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Healing from sexual violence for me has been about sharing as much as my body will allow, then retreating to rest.  Then sharing a little more when my body is ready.  And then resting.

While trauma is brutally painful–I’ve come to revere my body.

For all it does for me. For how it communicates to me, when I’m ready for the next step, ready to take a risk.

My body has held me, screamed with me, told me to quit things that weren’t serving me anymore, has loved me back to health.

And when I engage my own healing with chronic illness & as a sexual assault survivor, I begin to feel where my personal power lies in my body–in the gut–which ironically (or not so ironically!) is where autoimmune diseases originate.

I begin to be more in touch with my instincts again, my personal energy-rather than the energy of others.  I begin to take my gifts seriously, and see that my limits also reveal deep beauty, power, and restraint.

With deeper knowledge and respect for myself, I also knew that it was safe enough to look at my personal and collective shadow.

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Amongst white liberal women, there is deep hurt, rage, and sadness in the confirmation of Brett Kavanaugh, and all the white GOP senators who supported the nomination.  There should be.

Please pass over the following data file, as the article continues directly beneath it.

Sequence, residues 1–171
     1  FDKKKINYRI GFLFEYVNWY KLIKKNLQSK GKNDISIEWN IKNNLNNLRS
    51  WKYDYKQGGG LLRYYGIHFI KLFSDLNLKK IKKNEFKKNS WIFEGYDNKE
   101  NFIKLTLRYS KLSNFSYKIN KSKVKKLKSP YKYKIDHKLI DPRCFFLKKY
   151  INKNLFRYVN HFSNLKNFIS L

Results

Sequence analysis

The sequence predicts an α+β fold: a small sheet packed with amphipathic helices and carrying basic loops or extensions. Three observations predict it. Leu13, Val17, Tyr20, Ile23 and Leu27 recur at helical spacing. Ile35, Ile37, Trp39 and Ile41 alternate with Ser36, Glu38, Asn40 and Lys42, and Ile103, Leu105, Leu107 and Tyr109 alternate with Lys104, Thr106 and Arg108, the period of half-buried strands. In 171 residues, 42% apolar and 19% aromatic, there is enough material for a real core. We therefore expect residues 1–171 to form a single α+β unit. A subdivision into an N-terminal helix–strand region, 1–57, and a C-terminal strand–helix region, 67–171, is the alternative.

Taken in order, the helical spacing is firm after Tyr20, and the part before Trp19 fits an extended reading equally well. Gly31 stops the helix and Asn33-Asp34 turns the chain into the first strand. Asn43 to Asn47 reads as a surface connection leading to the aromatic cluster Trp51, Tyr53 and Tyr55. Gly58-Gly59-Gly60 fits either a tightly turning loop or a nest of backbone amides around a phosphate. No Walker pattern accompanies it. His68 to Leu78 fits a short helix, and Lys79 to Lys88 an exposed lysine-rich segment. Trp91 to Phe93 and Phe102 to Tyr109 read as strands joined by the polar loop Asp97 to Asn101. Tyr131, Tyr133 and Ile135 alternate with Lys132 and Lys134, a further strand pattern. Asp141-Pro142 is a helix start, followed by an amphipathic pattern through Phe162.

And yet–it’s easier to rage at the external, while ignoring any internal work.  The white female psyche is severely split.  This cognitive dissonance experienced in our ancestry and passed down generation to generation is revealing its shadow.

Resmaa Menakem, writes in My Grandmother’s Hands,

“Throughout the United States’s history as a nation, white bodies have colonized, oppressed, brutalitzed, and murdered Black and Native ones.  But well before the United States began, powerful white bodies colonized, oppressed, brutalized and murdered other less powerful white ones.  The carnage perpetuated on Blacks and Native Americans in the New World, began, on the same soil, as an adaptation of longstanding white-on-white practices. This brutalization created trauma that has yet to be healed among whites today.”